COFFEE POT, is a sisterhood story, love story, feel good story. It centers around these four women, who are a breath of fresh air, as they journey through life's trials, accomplishments and lessons - gathering each week to have coffee.
Terrence 'T.C.' Carson,
Karen Malina White
Political satire about an underground militant group that kidnaps African-Americans who have sold out their race. The story follows as the group led Curtis-Hall and Rhames kidnaps an ... See full summary »
David C. Johnson
Eriq La Salle,
The hitting record of Joe Di Maggio is about to broken by a black player. Now a person who feels that it is sacred threatens that player if he breaks the record. Lou Mattoni, a detective, ... See full summary »
In contrast to most of the violence-laden "blaxploitation" films of the period, this low-budget effort eschews exploitation for humanity and domestic drama. Leonard Jackson plays a barber ... See full summary »
In many ways "The Ditchdigger's Daughters" adheres to the well worn path of a genre best described as the black struggle in an injust white America. But the real plot in this movie revolves... See full summary »
Jesse Gavin is no ordinary policewoman; she knows how to handle herself in any situation. She's an undercover cop, part of an elite police team and highly skilled in lethal martial arts! ... See full summary »
Sam J. Jones
Pauley Perrette plays Renee, a young woman discovering her own meaning of love. From childhood memories of her mother to her own experiences as a young woman, she struggles to find answers ... See full summary »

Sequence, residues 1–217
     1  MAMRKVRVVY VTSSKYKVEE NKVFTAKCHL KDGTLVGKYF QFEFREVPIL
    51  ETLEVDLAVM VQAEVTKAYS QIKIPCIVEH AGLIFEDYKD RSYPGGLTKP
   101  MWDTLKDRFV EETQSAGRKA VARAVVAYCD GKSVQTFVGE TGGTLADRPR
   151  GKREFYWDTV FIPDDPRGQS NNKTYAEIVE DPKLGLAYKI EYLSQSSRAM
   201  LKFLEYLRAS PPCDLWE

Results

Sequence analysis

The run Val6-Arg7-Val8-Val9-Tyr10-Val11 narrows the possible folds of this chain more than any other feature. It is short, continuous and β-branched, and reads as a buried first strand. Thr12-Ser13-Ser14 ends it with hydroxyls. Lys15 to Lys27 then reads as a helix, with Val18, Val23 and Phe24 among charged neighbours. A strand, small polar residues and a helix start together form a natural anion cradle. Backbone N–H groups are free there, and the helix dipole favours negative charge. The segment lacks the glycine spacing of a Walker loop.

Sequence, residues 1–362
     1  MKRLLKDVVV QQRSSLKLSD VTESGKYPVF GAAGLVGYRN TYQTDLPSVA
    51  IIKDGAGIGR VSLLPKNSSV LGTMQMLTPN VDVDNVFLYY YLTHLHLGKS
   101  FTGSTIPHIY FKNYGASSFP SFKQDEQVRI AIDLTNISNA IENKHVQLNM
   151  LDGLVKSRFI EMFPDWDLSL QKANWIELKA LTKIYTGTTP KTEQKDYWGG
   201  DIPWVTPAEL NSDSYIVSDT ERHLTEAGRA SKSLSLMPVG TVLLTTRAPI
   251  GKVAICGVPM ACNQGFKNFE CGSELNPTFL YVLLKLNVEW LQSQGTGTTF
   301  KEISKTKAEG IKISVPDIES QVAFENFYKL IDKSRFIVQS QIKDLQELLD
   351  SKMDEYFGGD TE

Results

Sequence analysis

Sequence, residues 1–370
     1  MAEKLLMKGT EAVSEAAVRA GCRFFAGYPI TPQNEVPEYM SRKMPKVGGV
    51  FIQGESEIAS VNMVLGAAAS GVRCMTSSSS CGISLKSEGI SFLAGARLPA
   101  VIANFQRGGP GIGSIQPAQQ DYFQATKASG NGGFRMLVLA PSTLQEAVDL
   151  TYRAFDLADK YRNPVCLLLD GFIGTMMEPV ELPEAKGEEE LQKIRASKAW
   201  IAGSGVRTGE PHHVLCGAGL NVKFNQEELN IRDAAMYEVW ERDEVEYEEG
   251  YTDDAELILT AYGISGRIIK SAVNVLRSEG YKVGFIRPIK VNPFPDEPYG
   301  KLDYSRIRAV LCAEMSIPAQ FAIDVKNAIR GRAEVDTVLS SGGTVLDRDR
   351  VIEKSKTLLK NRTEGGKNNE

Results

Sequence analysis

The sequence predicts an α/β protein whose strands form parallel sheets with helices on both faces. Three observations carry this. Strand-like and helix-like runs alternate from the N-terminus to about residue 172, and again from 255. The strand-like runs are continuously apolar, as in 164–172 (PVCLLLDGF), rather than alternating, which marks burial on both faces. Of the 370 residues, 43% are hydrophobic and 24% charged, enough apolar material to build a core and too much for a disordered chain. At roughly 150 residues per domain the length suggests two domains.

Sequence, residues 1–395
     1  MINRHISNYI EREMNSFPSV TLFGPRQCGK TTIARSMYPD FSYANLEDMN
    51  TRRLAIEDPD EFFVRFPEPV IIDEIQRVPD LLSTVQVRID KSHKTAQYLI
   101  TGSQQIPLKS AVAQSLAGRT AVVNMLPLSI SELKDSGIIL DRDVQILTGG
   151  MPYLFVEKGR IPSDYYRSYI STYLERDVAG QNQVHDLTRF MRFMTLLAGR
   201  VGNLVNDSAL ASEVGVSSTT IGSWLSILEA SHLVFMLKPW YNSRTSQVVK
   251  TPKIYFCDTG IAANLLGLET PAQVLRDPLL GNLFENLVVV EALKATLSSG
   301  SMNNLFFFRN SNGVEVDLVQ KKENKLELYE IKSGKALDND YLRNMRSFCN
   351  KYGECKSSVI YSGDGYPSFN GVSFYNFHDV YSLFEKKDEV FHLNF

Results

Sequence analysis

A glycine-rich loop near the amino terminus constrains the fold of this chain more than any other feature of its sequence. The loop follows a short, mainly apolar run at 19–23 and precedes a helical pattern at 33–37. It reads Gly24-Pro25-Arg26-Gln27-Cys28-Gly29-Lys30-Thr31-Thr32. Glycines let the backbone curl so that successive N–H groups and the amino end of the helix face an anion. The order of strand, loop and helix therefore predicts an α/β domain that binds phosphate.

Chance Dennis is a criminology professor, his wife, Micki, works for the state depsrtment. They live in Washington, D.C. Every now and then they come across a murder and for some strange ... See full summary »
This film relates the story of a tightly connected Afro-American community informally called Colored Town where the inhabitants live and depend on each other in a world where racist oppression is everywhere, as told by a boy called Cliff who spent his childhood there. Despite this, we see the life of the community in all its joys and sorrows, of those that live there while others decide to leave for a better life north. For those remaining, things come to a serious situation when one prominent businessman is being muscled out by a white competitor using racist intimidation. In response, the community must make the decision of whether to submit meekly like they always have, or finally fight for their rights.Written by
Kenneth Chisholm <firstname.lastname@example.org>
The author's stated intention was to show the family that nourished him and protected him from the world of hatred and segregation. The film showed just enough of the segregated life to let the viewer know that Cliff needed to be protected from that world and nurtured to overcome the scars that outside world could inflict. I think Taulbert and the movie did a good job of showing how the love of his immediate and extended family could compensate in some way for the hatred and oppression of the outside world. I hate to see the movie berated for not being a documentary of all the hateful excesses of the segregated South when that was not the movie's intent. We have films that are considered classics that are about different parts of World War II, and they don't document all the atrocities of the Holocaust. Not focusing on parts of an era that are not the main point of the film is not "sugarcoating." It's an excellent film about growing up in a loving family and overcoming challenges through the love and support of others. It's fine the way it is.
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